Intervention: SIM PD uses workshops, practice sessions, and group debriefing meetings to support teachers in using research-based questioning and discourse facilitation strategies. The activities are organized into three modules, each focused on a different instructional strategy. Within each module, teachers from the same school participate in workshops to learn about a focal strategy, and the research that supports it, and then prepare to practice it. During practice sessions in the mixed-reality classroom, teachers try the strategy with student avatars, pause to get feedback and reflect on progress with a coach and other teachers, identify next steps, and try again. Teachers practice in the mixed-reality classroom first with their school team and then individually. Last, teachers meet again to reflect on their experiences and discuss how they have and will continue to transfer their learning to their classrooms.

Research Design and Methods: Researchers will use a multisite, cluster randomized trial designed to meet What Works Clearinghouse standards without reservations. The trial will involve 60 schools and about 240 teachers across two cohorts. Schools within each cohort will be randomly assigned with equal probability to the treatment group or the delayed-treatment control group within each study district at the beginning (early fall) of the intervention year. Researchers also will conduct an implementation study using PD artifacts and observations, administrator interviews, and teacher surveys, and explore student experiences through student focus groups.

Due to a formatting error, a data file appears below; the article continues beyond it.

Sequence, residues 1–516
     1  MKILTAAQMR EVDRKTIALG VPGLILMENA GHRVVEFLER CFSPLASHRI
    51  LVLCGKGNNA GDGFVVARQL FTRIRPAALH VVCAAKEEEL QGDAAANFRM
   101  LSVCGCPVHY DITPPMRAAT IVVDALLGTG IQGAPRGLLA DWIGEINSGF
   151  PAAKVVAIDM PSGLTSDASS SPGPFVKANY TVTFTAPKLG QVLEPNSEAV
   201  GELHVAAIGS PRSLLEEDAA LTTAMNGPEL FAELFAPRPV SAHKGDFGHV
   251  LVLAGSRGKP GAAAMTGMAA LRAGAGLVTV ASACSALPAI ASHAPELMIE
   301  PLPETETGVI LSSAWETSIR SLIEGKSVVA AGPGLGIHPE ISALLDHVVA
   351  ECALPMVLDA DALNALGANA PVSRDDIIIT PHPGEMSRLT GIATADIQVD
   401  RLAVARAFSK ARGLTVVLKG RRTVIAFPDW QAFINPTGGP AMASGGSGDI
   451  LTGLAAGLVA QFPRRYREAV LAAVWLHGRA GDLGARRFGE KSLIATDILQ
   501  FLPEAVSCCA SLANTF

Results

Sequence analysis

Control Condition: Participating teachers at schools in the control condition will continue with the business-as-usual PD offering available through their schools and districts. In the year after evaluation activities, these teachers will be offered participation in SIM PD.

Key Measures: To assess program impact on the quality of classroom math discussion, the evaluation team will collect video classroom observations at three time points for each teacher in the study: a baseline observation in the fall of the intervention year before SIM PD begins (fall 2023 for Cohort 1 and fall 2024 for Cohort 2), and two observations immediately after the PD ends in the spring (spring 2024 or 2025). Videos will be coded remotely by math instruction experts blind to each teacher's treatment condition, using scoring codes adapted from the Mathematics Scan observation rubric  that focus on features of mathematics group discussion.

To examine student math achievement for both cohorts, the evaluation team will collect fourth- and fifth-grade state math assessment scores from spring 2024 (Cohort 1) and spring 2025 (Cohort 2). Assessment scores across districts will be standardized using grade-level means and standard deviations of the test scores within each state.

Data Analytic Strategy: Impacts on the quality of classroom math discussion and on student achievement will be estimated using multilevel modeling. Researchers will explore potential moderation effects of key student and teacher characteristics, and examine whether the impact of SIM PD on student math achievement is mediated by the quality of classroom math discussion. To help interpret impact findings, researchers will assess implementation fidelity and explore how implementation fidelity is associated with teacher and student outcomes based on data from the treatment group.

Cost Analysis: Researchers will conduct cost analyses using a resource cost model that uses an "ingredients" approach to capture systematically all personnel and non-personnel costs for implementing an intervention. The cost-analysis results will be combined with the impact findings to conduct a cost-effectiveness analysis that captures the cost-per-standard-deviation impact of the PD. Cost-effectiveness will be calculated both per-teacher and per-student.